On the other hand, the armed conflict in Colombia has worsened in recent years and by the year 2020, the National Government establishes "a strategy to transform the territories by bringing institutionallity with legality, entrepreneurship and equity, in the regions most affected by violence, criminality and poverty" in five regions of the country that it calls Zonas Futuro and indicates that "the purpose is to improve security in the territories and generate development by changing illicit economies for licit economies." Arauca, declared a territory free of illicit crops by the UN in 2018, is one of the 5 Future Zones, affecting 211 villages in the municipalities of Arauquita, Saravena, Fortul and Tame.

In May 2020, "the US Embassy and the Colombian Ministry of National Defense informed of the arrival in the country of a US Security Force Assistance Brigade (SFAB), which is coming to assist Colombia in its fight against narcotics. [...] it will focus its efforts mainly in the Future Zones delimited by the National Government". In June, the US State Department announced a $10 million each for information leading to the arrest and/or conviction of Seuxis Hernandez-Solarte, aka “Jesus Santrich,” and Luciano Marin Arango, aka “Ivan Marquez.”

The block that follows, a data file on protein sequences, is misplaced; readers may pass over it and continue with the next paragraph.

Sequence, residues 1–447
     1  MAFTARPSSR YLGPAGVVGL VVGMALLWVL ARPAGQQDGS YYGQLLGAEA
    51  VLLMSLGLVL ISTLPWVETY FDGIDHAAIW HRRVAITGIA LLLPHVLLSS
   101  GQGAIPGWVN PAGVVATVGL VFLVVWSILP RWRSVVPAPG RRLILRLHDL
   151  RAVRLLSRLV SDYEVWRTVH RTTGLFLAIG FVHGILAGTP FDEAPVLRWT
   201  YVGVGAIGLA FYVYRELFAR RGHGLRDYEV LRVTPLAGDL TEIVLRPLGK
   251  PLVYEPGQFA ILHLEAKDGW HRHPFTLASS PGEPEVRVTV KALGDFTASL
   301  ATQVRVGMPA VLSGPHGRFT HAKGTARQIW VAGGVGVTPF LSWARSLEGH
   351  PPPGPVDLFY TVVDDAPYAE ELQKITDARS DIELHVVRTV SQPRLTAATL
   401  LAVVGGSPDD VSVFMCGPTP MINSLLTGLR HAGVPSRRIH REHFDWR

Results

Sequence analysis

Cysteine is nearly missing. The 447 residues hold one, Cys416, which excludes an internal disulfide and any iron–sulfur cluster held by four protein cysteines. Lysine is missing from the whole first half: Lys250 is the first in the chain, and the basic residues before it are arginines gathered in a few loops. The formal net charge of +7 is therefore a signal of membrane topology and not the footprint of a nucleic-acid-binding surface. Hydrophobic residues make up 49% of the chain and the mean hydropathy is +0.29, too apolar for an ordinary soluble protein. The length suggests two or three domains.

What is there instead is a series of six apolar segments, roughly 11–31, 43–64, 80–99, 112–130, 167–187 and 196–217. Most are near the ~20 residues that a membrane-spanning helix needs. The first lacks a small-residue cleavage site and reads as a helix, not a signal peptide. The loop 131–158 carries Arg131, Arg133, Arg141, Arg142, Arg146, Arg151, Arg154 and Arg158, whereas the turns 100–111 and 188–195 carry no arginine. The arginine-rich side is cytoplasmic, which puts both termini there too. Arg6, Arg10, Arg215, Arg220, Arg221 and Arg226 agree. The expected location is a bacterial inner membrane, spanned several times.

This year 2022, election year in Colombia, began with a strong wave of violence in the country, in Arauca; on January 3 more than 20 people were killed in clashes between armed groups in different rural areas, on January 9 and 19, the Héctor Alirio Martínez building, headquarters of different social organizations and human rights defenders, among them, the community project managed by more than 100 representatives of social organizations ECAAS and the Joel Sierra Foundation, was attacked. As of March 30, the UN reports 130 people killed and more than 3,000 forcibly displaced in the department.

WfPSC accompanied the #CaravanaHumanitarianArauca that visited the municipalities of Tame, Fortul, Arauquita on March 21-23 and held the Human Rights Forum for Life, Peace and Permanence in the Territory in the municipality of Arauca on March 24-25. The Arauca Humanitarian Caravan was also accompanied by the UN, MAPP OAS and the Regional Ombudsman's Office.

Jessica Garcia (left) speaking during humanitarian caravan

For obvious reasons, it was not possible to visit the villages, but the only institutions that are in the department are the Military Forces. From the seat of the bus during the trip, you can see tanks at some points and road crossings and several military checkpoints that stop any vehicle to search. The lack of social investment in infrastructure for the communities, the dryness of the rivers and the life at constant risk of the Araucanian population can also be observed and felt. However, it can also be observed that the Araucanian social movement is still standing and will continue to do so in defense of its own food sovereignty.

History is Present! and the communities continue to resist in search of a Dignified Life, Permanence in the Territory and Peace.